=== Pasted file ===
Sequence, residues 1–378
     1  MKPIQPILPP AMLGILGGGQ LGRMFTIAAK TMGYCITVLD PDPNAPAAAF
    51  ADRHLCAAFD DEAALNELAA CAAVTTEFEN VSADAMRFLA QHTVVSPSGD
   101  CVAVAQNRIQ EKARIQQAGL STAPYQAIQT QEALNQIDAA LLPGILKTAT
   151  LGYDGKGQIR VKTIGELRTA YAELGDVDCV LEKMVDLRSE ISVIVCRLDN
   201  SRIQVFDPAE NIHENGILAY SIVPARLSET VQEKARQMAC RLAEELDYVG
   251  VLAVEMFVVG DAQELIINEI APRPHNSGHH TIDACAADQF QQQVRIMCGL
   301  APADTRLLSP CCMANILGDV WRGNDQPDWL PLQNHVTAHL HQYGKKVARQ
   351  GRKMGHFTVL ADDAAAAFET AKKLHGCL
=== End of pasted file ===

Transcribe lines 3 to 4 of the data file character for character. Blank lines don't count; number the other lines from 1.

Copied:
    51  ADRHLCAAFD DEAALNELAA CAAVTTEFEN VSADAMRFLA QHTVVSPSGD
   101  CVAVAQNRIQ EKARIQQAGL STAPYQAIQT QEALNQIDAA LLPGILKTAT